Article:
There is a biblical story set in Samaria, the capital city of Israel, during a time when it was surrounded by a foreign army. The siege dragged on for months, and food prices behind the city walls had skyrocketed. People were dying of starvation. Some of the Israelites resorted to cannibalism in order to survive the famine. The crisis had reached its tipping point, and death was certain, either from hunger inside the city or from the sword and spear outside.
Is God a racist? In today’s Little Lesson, we’re going to continue talking about the right biblical perspective of the modern day nation of Israel.
In the previous Little Lesson we asked the question, “is Israel the apple of God’s eye?” That’s a verse from Zachariah that you sometimes hear from Evangelical preachers who will quote it and say, “We ought to make sure we’re on the side of Israel because they’re God’s chosen people.”
We’re going to keep on talking today as we did on a previous Little Lesson about modern-day Israel. By listening to some modern-day Christians, you’d think that God loves the people in Israel more than He loves those who have repented of their sins and believed in Jesus!
Today, we’re going to talk about modern-day Israel. Of course, every Christian knows that we’ve got a Bible that’s full of references to Israel, and if you know anything at all about the history of Judaism, you know that God called Abraham and Isaac and Jacob and his twelve sons, and they comprise the twelve tribes of Israel.
Jesus was a descendant of Judah, and the Jewish heritage of Christianity is rich and long and deep. And so consequently, Christians feel an affinity with Jews because Christianity is really the fulfillment of Judaism. Jesus was Jewish, Jesus was the Messiah of the Jews and the early church was comprised of all Jewish believers in Jesus as their Messiah.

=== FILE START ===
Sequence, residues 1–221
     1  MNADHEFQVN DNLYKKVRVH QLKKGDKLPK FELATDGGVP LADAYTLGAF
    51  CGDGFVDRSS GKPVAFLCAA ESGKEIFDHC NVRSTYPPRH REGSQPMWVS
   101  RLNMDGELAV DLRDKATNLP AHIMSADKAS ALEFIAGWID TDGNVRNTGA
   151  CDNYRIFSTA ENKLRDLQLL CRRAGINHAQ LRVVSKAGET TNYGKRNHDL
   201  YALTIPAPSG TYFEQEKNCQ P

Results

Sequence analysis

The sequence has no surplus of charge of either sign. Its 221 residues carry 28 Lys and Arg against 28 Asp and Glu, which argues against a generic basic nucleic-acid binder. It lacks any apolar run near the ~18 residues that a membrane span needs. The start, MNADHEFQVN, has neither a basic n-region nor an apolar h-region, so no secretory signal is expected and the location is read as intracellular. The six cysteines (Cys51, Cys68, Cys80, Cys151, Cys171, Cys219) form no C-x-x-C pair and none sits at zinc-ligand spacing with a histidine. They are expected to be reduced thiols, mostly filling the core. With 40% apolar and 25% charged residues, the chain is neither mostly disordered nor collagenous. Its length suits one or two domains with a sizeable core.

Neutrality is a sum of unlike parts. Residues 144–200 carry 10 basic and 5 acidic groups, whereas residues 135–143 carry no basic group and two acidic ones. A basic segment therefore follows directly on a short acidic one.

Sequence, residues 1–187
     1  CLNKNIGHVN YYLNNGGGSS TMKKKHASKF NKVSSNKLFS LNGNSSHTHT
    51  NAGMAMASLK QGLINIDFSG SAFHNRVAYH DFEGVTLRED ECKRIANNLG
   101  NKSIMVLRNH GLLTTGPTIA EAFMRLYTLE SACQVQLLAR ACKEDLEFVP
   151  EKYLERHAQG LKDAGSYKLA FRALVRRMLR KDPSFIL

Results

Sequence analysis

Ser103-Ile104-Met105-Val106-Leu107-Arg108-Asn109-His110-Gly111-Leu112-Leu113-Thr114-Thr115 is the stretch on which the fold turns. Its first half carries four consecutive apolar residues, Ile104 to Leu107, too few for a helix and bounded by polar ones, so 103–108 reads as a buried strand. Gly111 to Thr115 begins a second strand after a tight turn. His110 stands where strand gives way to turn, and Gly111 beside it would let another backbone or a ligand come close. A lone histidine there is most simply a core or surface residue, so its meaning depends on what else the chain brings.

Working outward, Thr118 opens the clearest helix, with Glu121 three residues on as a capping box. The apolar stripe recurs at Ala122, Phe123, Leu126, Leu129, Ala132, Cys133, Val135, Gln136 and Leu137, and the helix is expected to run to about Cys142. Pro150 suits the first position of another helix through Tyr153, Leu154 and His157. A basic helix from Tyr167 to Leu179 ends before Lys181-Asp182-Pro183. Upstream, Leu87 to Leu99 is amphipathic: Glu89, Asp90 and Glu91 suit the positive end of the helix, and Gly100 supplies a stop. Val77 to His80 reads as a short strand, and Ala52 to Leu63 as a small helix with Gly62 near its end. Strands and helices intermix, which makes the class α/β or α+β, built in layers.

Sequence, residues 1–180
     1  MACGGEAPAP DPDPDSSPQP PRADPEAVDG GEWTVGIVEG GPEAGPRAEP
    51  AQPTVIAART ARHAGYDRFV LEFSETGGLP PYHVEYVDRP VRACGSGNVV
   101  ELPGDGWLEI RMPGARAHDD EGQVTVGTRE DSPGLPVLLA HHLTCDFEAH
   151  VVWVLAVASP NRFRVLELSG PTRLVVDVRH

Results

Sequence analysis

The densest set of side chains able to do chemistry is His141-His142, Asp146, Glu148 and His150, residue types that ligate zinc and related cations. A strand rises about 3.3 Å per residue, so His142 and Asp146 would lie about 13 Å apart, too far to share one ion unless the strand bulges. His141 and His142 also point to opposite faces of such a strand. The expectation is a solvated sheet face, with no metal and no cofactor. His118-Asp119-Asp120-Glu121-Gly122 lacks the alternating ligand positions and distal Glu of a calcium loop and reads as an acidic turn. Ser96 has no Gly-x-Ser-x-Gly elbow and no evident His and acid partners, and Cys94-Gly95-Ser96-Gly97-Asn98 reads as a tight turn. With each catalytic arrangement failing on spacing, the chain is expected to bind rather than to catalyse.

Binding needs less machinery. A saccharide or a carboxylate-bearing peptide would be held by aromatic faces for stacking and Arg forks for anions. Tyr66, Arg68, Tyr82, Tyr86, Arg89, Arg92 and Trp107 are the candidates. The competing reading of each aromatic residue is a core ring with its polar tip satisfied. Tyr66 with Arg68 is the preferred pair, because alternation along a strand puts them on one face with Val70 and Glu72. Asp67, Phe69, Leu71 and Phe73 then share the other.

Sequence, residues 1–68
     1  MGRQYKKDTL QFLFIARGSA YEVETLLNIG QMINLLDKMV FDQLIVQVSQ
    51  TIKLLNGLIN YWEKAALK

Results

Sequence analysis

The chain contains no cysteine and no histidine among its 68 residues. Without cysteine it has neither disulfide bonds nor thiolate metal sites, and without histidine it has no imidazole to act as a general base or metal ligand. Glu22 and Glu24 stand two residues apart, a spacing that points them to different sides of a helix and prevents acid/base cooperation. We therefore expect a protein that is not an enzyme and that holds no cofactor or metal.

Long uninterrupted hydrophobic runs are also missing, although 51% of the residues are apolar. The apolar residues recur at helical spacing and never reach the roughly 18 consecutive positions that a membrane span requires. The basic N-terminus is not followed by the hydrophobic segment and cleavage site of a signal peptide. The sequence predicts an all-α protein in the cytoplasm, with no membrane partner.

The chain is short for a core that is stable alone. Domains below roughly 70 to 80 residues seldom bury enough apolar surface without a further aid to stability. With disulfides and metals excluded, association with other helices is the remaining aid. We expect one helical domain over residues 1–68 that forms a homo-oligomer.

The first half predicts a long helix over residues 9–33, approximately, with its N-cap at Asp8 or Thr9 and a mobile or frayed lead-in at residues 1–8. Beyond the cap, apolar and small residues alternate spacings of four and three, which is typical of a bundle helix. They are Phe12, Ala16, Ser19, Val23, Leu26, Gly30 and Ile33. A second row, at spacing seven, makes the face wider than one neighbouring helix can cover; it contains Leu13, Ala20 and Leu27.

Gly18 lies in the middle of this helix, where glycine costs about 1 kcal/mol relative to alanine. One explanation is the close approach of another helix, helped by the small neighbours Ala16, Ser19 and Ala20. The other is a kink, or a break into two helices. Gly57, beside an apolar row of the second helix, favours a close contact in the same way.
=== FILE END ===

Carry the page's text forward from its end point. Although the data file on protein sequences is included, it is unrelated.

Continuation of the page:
We’ve got a really interesting question that one of our viewers has sent in, a question revolving around cremation.
Of course, you know that when the body dies and the Spirit evacuates it, you’ve got to do something with that body. Historically, the most common thing to do, of course, is to bury it in the ground, where it undergoes decay. But, in more recent decades, another popular form of disposing of a dead body is through cremation.
We’re going to continue with a previous Little Lesson’s topic, where we discussed a question that’s been sent to us numerous times about whether or not it’s okay for women to wear makeup. You might want to see that Little Lesson first.
I want to go a little further today and talk about proper dress. And in our previous Little Lesson I did point out the widely known and acknowledged fact that God made men to be attracted to women. Men are very visually oriented, and they can recognize beauty in form and in face, and women that are unmarried who are hoping to attract a husband naturally, naturally think about, “How I can be attractive? And not just in my character, because a guy is not just going to marry my character. They’re going to marry me, the total me.”
We do get all kinds of questions, and today’s question is one we’ve received more than once. Some of our honest viewers, sincere viewers, want an answer. Is it wrong for women to wear makeup?
The reason that it is sometimes felt by some within the body of Christ that this is wrong is because it’s based on vanity. You’re trying to make yourself more attractive in a vain way, so therefore it shouldn’t be done.
Is there something that you could give to someone that is better than money? I’m going to continue from some of our thoughts from our previous two little lessons where we were talking about wealth, riches and righteousness.
I want to share something with you today that might be a little bit surprising to you. If not surprising, at least it might provoke your thinking a little bit to look at giving in a little different way than perhaps you’ve ever looked at it before.
Today’s Little Lesson is a continuation of our previous Little Lesson, talking about the potential of being righteous and at the same time being rich. We’re trying to do our best to answer that question, not from one verse taken out of its context in the Bible, but by looking at a little bit more context.
We’re going to continue talking about money on this episode. We know that the Bible warns that the love of money is the root of all sorts of evil (see 1 Timothy 6:10).
So there is a great danger there with money, and wealth, and riches. Most teachers and preachers who will mention the fact that Scripture warns against the love of money will quickly point out, and rightfully so, that it’s not money itself that is the root of all sorts of evil, but it is the love of money that is the root of all sorts of evil.